Monitoring will be required both for purposes of managing the storage site and verifying the extent of CO2 emissions reduction which has been achieved. Techniques such as seismic surveys, which have developed by the oil and gas industry, have been shown to be adequate for observing CO2 underground (Gale et al., 2001) and may form the basis for monitoring CO2 stored in such reservoirs.
Many alternatives to the storage of dense phase CO2 have been proposed: for example, using the CO2 to make chemicals or other products (Aresta, 1987), fixing it in mineral carbonates for storage in a solid form (Seifritz, 1990; Dunsmore, 1992), storing it as solid CO2 ('dry ice') (Seifritz, 1992), as CO2 hydrate (Uchida et al., 1995), or as solid carbon (Steinberg, 1996). Another proposal is to capture the CO2 from flue gases using micro-algae to make a product which can be turned into a biofuel (Benemann, 1993).
The potential role of CO2 capture and storage as a mitigation
11 For example, there were 40 gas-processing plants in Canada in 2002 separating CO2 and H2S from produced natural gas and injecting them into geological reservoirs (see Chapter 5.2.4). There are also 76 Enhanced Oil Recovery projects where CO2 is injected underground (Stevens and Gale, 2000).
option has to be examined using integrated energy system models (early studies by Yamaji (1997) have since been followed by many others). An assessment of the environmental impact of the technology through life cycle analysis was reported by Audus and Freund (1997) and other studies have since examined this further.
The concept of CO2 capture and storage is therefore based on a combination of known technologies applied to the new purpose of mitigating climate change. The economic potential of this technique to enable deep reductions in emissions was examined by Edmonds et al. (2001), and is discussed in more detail in Chapter 8. The scope for further improvement of the technology and for development of new ideas is examined in later chapters, each of which focuses on a specific part of the system.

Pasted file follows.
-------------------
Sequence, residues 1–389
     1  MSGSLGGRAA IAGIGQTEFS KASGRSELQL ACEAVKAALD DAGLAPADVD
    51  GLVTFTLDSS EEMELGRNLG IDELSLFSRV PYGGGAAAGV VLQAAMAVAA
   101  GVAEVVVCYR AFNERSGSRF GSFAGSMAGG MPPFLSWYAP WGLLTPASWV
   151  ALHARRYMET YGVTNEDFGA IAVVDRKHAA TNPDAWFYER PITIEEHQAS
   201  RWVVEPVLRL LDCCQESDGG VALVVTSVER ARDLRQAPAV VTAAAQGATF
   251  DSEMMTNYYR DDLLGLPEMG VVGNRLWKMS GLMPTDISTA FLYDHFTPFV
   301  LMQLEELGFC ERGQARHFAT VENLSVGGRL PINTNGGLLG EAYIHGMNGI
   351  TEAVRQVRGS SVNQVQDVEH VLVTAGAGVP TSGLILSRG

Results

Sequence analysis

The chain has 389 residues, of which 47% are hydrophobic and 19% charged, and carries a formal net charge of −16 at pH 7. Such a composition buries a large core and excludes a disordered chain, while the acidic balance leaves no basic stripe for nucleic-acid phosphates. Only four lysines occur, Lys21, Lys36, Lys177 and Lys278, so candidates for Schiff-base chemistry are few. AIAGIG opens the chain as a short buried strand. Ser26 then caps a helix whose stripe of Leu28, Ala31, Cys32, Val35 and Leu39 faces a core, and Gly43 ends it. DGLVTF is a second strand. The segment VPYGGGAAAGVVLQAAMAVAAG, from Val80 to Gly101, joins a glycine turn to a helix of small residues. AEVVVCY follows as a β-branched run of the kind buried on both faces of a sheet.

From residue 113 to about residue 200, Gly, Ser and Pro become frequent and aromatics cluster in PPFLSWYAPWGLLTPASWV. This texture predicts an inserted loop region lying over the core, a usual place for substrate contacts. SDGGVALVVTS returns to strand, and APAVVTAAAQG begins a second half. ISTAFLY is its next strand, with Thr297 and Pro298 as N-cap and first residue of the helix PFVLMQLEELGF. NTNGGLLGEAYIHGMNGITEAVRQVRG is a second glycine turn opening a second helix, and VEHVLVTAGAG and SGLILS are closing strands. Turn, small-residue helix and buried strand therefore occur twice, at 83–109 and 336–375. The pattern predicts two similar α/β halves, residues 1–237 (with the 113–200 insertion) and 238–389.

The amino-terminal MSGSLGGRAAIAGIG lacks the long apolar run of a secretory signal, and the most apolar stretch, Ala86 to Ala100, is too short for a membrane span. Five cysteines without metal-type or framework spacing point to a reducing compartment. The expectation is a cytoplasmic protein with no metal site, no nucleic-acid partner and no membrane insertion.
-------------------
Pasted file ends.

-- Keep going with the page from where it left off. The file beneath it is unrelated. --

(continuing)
Figure 1.3 illustrates how CO2 capture and storage may be configured for use in electricity generation. A conventional fossil fuel-fired power plant is shown schematically in Figure 1.3a. Here, the fuel (e.g., natural gas) and an oxidant (typically air) are brought together in a combustion system; heat from this is used to drive a turbine/generator which produces electricity. The exhaust gases are released to atmosphere.
Figure 1.3b shows a plant of this kind modified to capture CO2 from the flue gas stream, in other words after combustion. Once it has been captured, the CO2 is compressed in order to transport it to the storage site. Figure 1.3c shows another variant where CO2 is removed before combustion (pre-combustion decarbonization). Figure 1.3d represents an alternative where nitrogen is extracted from air before combustion; in other words, pure oxygen is supplied as the oxidant. This type of system is commonly referred to as oxyfuel combustion. A necessary part of this process is the recycling of CO2 or water to moderate the combustion temperature.
The main application examined so far for CO2 capture and storage has been its use in power generation. However, in other large energy-intensive industries (e.g., cement manufacture, oil refining, ammonia production, and iron and steel manufacture), individual plants can also emit large amounts of CO2, so these industries could also use this technology. In some cases, for example in the production of ammonia or hydrogen, the nature of the exhaust gases (being concentrated in CO2) would make separation less expensive.
The main applications foreseen for this technology are therefore in large, central facilities that produce significant quantities of CO2. However, as indicated in Table 1.1, roughly 38% of emissions arise from dispersed sources such as buildings and, in particular, vehicles. These are generally not considered suitable for the direct application of CO2 capture because of the economies of scale associated with the capture processes as well as the difficulties and costs of transporting small amounts of
N2, H20, etc. to atmosphere
C02 to storage
C02 to storage
C02 recycle Separation
C02 to storage